Butler’s not pulling punches, but the sad truth is that this assertion of his is hard to argue with. What connection could he possibly feel to the rock music that the industry celebrates today? Who out there is looking to Sleeping With Sirens to hear something new or exciting? What is a Twenty One Pilots song going to offer to, well, an adult? What reflection of himself, the product of a Los Angeles ghetto, is he going to find in an All Time Low record?
It makes sense that he’d turn to hip-hop; the genre, creatively, at the polar opposite of rock music. Even on its most mainstream level, you find a genre ever-innovating.
You’ll find Chance The Rapper, an artist who has subverted the industry by resisting major labels; releasing his music for free but still playing to thousands of people every night. You have Kendrick Lamar releasing a sixteen-track epic that embodies, challenges and celebrates the culture and lives of black America all while selling over a million copies. Meanwhile, Run The Jewels are actively challenging their listeners’ views on mainstream politics and being so unafraid to stand up for something that Killer Mike ended up becoming a prominent figure in Bernie Sanders’ election campaign.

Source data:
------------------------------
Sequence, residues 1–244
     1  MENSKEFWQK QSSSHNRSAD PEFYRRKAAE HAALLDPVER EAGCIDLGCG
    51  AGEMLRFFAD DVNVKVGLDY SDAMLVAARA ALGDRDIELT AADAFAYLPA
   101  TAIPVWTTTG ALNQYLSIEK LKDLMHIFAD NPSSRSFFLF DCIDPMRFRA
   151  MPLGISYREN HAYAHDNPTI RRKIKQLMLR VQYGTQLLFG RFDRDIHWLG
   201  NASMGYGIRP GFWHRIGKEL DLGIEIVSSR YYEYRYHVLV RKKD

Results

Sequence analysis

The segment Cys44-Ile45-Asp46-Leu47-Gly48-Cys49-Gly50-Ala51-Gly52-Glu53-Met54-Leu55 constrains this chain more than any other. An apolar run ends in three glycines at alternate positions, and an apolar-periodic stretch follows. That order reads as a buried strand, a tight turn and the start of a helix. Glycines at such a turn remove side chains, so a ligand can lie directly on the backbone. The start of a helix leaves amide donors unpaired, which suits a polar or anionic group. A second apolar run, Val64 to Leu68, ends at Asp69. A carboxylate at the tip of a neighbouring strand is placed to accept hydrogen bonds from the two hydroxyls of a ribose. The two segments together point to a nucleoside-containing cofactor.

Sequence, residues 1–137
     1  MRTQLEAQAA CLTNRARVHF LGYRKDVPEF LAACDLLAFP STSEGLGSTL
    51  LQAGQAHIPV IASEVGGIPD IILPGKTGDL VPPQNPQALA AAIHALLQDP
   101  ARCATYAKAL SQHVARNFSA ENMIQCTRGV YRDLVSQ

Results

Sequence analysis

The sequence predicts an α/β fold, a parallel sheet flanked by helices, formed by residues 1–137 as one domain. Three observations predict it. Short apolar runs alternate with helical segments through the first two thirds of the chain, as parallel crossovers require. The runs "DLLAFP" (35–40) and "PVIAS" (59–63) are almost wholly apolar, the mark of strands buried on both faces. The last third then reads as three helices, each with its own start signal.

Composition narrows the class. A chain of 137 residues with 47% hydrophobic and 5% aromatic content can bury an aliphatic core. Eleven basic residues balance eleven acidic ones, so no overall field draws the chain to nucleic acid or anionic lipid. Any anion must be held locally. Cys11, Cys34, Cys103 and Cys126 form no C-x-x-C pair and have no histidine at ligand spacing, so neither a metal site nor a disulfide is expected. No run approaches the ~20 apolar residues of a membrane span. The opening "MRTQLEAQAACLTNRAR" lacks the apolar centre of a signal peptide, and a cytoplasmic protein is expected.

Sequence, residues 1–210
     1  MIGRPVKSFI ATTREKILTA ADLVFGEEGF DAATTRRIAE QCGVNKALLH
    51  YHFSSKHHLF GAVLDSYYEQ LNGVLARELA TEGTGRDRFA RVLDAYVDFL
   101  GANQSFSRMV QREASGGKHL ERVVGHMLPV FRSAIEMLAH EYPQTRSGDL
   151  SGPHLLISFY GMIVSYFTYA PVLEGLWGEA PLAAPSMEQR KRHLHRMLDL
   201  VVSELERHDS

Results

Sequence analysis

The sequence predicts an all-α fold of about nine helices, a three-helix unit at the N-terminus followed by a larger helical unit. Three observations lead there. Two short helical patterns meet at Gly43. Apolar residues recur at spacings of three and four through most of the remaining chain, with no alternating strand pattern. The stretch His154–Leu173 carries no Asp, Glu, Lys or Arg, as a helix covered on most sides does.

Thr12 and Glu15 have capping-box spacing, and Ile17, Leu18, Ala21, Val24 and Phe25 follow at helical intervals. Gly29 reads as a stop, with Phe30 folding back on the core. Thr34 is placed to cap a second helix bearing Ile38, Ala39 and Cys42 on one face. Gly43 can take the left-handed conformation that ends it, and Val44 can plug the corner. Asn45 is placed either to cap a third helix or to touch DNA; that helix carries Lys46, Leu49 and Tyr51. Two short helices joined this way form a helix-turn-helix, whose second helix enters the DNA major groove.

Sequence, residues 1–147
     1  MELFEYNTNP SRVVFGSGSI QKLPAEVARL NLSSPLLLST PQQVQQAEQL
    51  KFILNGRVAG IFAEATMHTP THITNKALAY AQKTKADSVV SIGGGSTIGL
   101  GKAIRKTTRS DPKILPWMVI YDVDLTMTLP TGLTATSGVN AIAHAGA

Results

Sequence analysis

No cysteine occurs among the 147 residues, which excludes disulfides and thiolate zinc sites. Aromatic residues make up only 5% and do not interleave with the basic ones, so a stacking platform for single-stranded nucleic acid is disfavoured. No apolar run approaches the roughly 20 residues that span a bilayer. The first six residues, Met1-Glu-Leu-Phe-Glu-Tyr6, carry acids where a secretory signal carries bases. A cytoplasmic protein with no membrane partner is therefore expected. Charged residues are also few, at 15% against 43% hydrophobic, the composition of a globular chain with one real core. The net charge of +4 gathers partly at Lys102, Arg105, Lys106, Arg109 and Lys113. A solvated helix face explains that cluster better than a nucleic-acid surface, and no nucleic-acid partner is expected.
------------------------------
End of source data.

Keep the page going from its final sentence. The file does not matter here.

Where is rock’s Run The Jewels? Look on the front cover of magazines, and on the top of festival bills. We have no equivalent. Why does hip-hop have this fire in its belly, while rock music seems entirely devoid of… any-fucking-thing?
“You want my real answer?” Butler asks with a wry smile, unable to mask his readiness to sound off on something.
Yeah, of course.
“Too many people in rock music are from a safe place. It’s a cultural thing.” He pauses, before becoming animated. “Let’s keep it one hundred, man. Most rock music is a heterosexual white boys club. Heterosexual white boys, for the most part, aren’t being challenged that way politically. They’re not being challenged that way socially. They’re not being challenged that way sexually. So, if you’re gonna ask me why I think these two genres are so disparate, it’s because I don’t think that they stem from the same place. But that’s not to say that these people can’t feel empathy, commiserate, and/or can’t come from that place.
“My mother’s white and I’m very white-passing. I’m not sitting here saying, ‘Oh, white people can’t do this’. I’m not saying that. But I know where I come from and why I say the things I say.